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Submission + - Apple finds child workers in suppliers

Stenchwarrior writes: Apple found more than 91 children working at its suppliers last year, nine times as many as the previous year, according to its annual report on its manufacturers.

The US company has also acknowledged for the first time that 137 workers were poisoned at a Chinese firm making its products and said less than a third of the facilities it audited were complying with its code on working hours.
The Internet

Submission + - US Calls for "unrestricted internet access" (

alphatel writes: Hillary Clinton today called for all nations to embrace online freedom, stating that "There is no silver bullet in the struggle against Internet repression. There's no 'app' for that."
The Obama administration says it is ready to help dissidents evade internet restrictions to promote human rights and democracy in repressive states.
One wonders if the administration will help Americans gain internet access post kill-switch or takes issue with this as a typical example of it's right for thee but not for me.

Comment Re:Not Publicly Available Information! (Score 1) 693

1) Google employee makes sure some fake word does not exist in google or bing search results. 2) Said employee points google's cache results of that word to some random page. 3) Said employee uses Internet Explorer at his desk at Google to make the search appear in Google, then selects the only link as the correct thing he was looking for and Bing somehow acquires this information. 4) Search now appears in Bing.

Isn't this the exact process Google implements when a user searches with Chrome to determine the most relevant results? So in essence IE behavior now mimics another browsers behavior? Doesn't even sound moderately intriguing.


Submission + - WikiLeaks head praised by Pentagon Papers exposer (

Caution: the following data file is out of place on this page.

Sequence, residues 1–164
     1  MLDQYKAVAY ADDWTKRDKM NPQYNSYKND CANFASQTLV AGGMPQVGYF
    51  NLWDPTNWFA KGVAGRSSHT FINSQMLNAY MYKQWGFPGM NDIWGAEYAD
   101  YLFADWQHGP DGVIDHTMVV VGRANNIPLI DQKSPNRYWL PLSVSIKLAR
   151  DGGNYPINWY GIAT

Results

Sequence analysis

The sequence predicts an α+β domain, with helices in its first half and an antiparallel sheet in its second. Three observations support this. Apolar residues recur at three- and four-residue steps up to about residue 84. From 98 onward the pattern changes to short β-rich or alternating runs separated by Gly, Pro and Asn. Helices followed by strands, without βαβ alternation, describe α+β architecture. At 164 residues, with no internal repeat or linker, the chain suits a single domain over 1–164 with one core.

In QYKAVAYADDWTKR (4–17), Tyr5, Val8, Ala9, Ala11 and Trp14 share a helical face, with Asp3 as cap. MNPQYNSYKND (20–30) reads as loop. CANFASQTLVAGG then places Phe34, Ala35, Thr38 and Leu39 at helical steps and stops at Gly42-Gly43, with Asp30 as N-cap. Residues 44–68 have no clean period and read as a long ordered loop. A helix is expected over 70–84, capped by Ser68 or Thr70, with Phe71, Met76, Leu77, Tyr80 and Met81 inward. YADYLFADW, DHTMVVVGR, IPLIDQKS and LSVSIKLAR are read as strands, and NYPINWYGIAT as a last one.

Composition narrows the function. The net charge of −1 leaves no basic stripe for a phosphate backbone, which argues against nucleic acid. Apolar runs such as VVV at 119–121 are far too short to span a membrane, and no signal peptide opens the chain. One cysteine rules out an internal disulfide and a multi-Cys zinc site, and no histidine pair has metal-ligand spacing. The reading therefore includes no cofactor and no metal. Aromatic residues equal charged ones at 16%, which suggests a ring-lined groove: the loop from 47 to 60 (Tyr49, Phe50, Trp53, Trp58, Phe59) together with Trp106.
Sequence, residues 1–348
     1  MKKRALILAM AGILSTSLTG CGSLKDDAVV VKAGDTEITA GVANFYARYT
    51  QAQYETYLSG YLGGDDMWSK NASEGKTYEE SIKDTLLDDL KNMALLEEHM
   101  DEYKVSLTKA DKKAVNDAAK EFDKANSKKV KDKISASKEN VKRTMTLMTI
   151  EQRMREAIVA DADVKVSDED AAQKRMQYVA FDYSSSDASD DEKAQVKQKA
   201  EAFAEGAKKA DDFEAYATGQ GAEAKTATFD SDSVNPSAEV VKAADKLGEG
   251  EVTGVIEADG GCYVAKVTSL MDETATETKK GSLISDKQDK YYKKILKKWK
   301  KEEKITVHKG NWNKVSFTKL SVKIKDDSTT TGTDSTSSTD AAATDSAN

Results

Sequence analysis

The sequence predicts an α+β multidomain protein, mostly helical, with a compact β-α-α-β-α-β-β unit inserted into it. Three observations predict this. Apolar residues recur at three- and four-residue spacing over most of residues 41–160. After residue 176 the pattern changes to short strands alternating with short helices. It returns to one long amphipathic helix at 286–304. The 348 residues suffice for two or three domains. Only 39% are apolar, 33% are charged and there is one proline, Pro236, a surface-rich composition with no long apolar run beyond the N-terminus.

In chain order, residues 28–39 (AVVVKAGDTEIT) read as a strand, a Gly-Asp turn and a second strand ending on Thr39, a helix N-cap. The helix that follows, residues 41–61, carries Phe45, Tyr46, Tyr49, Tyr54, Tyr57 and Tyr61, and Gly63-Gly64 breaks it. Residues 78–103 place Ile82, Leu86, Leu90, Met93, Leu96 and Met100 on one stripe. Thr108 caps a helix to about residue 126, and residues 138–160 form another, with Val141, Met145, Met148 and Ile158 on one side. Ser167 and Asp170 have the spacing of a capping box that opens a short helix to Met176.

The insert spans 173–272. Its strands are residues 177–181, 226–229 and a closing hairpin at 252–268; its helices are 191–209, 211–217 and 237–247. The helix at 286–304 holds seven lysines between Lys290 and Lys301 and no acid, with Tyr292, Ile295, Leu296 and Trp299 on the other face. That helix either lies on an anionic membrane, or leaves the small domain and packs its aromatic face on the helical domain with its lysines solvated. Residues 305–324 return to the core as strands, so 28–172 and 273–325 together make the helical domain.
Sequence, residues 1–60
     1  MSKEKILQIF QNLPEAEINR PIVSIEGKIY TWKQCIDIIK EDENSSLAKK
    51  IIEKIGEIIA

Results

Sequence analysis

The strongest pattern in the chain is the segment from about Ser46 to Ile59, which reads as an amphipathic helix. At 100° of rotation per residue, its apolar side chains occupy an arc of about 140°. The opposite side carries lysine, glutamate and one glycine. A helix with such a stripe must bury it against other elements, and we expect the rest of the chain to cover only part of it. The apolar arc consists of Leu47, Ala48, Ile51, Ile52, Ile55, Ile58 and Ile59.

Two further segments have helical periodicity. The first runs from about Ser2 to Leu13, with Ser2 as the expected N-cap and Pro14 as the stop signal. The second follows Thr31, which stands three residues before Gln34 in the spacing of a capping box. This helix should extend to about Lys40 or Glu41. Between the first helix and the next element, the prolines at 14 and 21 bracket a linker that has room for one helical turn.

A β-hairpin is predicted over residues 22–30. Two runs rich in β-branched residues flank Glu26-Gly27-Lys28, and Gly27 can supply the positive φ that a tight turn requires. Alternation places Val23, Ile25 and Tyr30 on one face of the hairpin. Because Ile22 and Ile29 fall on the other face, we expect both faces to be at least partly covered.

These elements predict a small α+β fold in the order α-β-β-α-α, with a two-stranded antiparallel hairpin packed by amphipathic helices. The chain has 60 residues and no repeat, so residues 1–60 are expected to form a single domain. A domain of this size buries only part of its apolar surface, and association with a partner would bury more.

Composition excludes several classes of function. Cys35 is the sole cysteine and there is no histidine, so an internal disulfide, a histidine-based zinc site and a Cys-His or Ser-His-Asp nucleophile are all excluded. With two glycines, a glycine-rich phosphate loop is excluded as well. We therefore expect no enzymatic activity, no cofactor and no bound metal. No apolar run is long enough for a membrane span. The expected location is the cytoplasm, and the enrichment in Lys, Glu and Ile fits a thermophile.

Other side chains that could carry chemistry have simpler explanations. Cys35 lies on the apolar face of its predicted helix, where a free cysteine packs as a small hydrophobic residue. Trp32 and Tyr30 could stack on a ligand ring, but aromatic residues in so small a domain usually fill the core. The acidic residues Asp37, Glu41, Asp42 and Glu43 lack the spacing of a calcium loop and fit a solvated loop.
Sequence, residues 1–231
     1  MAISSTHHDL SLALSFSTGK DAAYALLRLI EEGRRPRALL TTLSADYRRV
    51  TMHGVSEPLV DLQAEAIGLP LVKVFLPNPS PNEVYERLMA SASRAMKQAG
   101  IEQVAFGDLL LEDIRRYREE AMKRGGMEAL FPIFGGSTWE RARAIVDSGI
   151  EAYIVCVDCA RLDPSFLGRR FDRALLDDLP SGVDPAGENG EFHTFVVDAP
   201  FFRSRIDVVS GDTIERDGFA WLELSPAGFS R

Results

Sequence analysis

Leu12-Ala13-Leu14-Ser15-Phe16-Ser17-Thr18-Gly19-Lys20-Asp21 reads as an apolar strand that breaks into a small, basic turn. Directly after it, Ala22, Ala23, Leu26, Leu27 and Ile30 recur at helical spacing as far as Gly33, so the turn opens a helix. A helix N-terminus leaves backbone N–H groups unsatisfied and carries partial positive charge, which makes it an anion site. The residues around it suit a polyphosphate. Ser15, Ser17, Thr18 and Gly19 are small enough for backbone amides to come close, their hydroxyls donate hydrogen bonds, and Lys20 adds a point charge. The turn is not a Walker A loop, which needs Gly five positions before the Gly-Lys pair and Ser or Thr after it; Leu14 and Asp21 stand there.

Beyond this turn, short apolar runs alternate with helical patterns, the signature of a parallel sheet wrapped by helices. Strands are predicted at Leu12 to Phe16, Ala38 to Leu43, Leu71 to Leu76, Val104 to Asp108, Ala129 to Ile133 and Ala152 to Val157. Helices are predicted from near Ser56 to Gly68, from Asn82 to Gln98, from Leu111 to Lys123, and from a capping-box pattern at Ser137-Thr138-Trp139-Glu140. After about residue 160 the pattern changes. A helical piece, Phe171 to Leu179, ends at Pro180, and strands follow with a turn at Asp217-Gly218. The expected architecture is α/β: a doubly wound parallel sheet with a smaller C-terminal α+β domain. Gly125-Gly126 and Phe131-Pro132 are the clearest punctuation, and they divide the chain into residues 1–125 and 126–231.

alphadogg writes: Daniel Ellsberg, the man responsible for outing the now famous Pentagon Papers in 1971, and a group of ex-intelligence officers have thrown their weight behind WikiLeaks and its founder, saying the current attempt to label WikiLeaks' leaks as trivial compared to the Pentagon Papers is wrong.

The Pentagon Papers include 7,000 pages of documents collected by the U.S. military about decision making during the Vietnam war that showed U.S. leaders believed early on that the war could not be won and would lead to many more casualties than ever stated publicly.

In a statement, Ellsberg and associates said comparisons saying the Pentagon Papers were good while WikiLeaks' material is bad is, "just a cover for people who don't want to admit that they oppose any and all exposure of even the most misguided, secretive foreign policy. The truth is that EVERY attack now made on WikiLeaks and Julian Assange was made against me and the release of the Pentagon Papers at the time."

On his own blog, Ellsberg said he would no longer use due to its "cowardice and servility in abruptly terminating its hosting of the WikiLeaks website, in the face of threats from Senator Joe Lieberman and other Congressional right-wingers."

Submission + - X Particle Might Explain Dark Matter & Antimat ( 1

cold fjord writes: Wired Science has a story on a new theory that tries to explain dark matter, and the balance of regular matter with antimatter. This theory may even be testable.

A new hypothetical particle could solve two cosmic mysteries at once: what dark matter is made of, and why there's enough matter for us to exist at all. ...Together with physicists Hooman Davoudiasl at Brookhaven National Lab and David Morrissey of TRIUMF, Tulin and Sigurdson suggest a way to solve the problem of missing antimatter: Hide it away as dark matter. The details are published in the Nov. 19 Physical Review Letters.


Submission + - The death toll of the blood minerals inside a PC (

Barence writes: PC Pro has an investigation into how the materials found inside PCs are linked to a long-running war in the Democratic Republic of Congo that’s cost five million lives. The focus is on tantalum (used to store electricity in capacitors), tin (used as solder in many electronics), tungsten (used in phone-vibration devices) and gold. Human rights groups blame Western manufacturers and consumers for fuelling the trade in such minerals, claiming it funds warlords to buy arms and ammunition. However, PC manufacturers claim there's little or nothing they can do to halt the trade in blood minerals. "OEMs and manufacturers cannot say with full confidence that our products do not contain minerals from conflict zones in the DRC,” said Michelle Mosmeyer, a sustainable communications manager for Dell. “The mining of metals can be many stages removed from the final product.”

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